Festus Animal Control Officer forced to have rabies shots, following dog bite

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FESTUS, MO – A dog bite in Jefferson County has led to a rabies scare with a city official being tested for rabies and a dog and wolf-hybrid being tested for the virus.

Festus Animal Control Officer Tim Mullins has started treatment for rabies but he swears it’s just a precaution.
"I have not gone through a process like this in 15 years," Officer Mullins said. "It is possible that it can happen, but it is very rare."

Mullins said on Friday, someone surrendered a dog to the Festus Animal Control. He said the dog bit him on the finger as he was trying to lift it out of a crate.

It turns out the dog had bit another person just the day before.

A phone call from a department in Illinois alerted Mullins to a possible reason why the dog expressed aggressive behavior, "that this animal had been in another altercation with another animal and that animal is suspected of having rabies," he said.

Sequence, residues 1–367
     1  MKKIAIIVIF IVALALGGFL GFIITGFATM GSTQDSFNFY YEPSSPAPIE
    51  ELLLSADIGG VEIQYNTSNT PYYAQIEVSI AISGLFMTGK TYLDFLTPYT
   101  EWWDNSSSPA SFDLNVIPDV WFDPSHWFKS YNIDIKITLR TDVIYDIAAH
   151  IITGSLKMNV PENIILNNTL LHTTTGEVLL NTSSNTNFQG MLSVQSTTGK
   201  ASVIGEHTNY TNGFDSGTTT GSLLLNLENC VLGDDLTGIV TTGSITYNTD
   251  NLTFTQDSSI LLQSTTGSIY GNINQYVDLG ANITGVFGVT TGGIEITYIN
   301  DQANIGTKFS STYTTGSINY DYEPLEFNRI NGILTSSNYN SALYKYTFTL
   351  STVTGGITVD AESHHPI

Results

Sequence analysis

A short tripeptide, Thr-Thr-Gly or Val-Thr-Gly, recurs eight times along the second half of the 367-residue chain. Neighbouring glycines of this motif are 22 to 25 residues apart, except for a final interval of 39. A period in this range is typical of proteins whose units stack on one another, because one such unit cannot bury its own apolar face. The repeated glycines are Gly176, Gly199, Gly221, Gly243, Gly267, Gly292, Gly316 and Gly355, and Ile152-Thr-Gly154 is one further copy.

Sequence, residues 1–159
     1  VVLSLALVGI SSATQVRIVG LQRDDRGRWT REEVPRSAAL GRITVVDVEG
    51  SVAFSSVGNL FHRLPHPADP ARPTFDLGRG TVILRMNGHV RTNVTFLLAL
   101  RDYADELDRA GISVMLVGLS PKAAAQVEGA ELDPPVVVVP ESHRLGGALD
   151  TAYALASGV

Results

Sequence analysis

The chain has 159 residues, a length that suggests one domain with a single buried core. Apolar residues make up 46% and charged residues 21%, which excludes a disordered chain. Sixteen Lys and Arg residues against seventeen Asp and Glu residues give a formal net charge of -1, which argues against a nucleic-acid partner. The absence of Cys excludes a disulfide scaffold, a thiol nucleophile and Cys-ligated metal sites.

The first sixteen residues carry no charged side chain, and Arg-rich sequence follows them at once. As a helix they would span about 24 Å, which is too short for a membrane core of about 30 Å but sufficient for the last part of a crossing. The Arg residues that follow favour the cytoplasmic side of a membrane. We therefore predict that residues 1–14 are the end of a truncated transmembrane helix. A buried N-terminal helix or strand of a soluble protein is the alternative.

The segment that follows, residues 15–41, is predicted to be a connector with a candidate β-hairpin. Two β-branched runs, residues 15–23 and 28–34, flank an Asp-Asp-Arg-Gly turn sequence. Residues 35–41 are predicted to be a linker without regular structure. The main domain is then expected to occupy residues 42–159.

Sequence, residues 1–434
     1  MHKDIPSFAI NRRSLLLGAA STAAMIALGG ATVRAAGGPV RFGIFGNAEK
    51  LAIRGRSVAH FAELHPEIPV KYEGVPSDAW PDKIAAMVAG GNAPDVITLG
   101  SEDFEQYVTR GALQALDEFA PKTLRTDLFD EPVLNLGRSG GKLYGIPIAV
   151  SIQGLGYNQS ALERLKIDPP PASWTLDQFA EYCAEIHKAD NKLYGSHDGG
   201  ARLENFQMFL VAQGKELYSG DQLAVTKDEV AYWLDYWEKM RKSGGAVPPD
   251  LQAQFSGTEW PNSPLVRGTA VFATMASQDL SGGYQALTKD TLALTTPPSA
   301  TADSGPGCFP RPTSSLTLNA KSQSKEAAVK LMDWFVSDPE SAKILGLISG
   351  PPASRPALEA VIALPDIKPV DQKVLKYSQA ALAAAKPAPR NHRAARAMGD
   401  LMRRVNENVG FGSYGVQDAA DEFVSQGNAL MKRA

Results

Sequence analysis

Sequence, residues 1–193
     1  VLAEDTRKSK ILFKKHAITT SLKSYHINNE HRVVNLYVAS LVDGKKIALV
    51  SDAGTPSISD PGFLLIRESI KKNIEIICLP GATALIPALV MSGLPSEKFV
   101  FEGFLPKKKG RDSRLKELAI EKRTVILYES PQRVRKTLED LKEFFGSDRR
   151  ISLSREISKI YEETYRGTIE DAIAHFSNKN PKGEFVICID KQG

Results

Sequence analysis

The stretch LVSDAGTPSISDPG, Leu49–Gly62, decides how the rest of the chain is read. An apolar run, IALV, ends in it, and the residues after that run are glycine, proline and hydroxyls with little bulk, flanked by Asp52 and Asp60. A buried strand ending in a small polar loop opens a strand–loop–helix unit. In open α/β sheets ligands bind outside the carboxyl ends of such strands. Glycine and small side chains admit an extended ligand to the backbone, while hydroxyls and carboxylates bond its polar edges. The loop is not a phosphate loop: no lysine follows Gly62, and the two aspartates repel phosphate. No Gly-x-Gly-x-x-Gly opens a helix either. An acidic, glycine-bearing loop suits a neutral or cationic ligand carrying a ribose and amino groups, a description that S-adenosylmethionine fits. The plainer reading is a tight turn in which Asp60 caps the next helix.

The fight was between the dog and someone's wolf hybrid pet in Illinois.

Both animals were put down for testing which takes 48 hours to reveal results.

The Jefferson County Health Department said there is no need for alarm because most pets are vaccinated against rabies now.

They haven't seen a rabies case in a human since 2008 and a bat was the only animal to test positive in the county since 2011.

If there's any concern, the animal in question is quarantined for 10 days, so experts can watch for symptoms and the person affected gets a few shots.

"They're given like any type of shot like the flu shot just right in the deltoid, in the shoulder," said Dylan Steigerwald, an epidemiologist with the Jefferson County Health Department. "It's a series of 4 and they don't hurt any more or less than any other vaccination you might receive."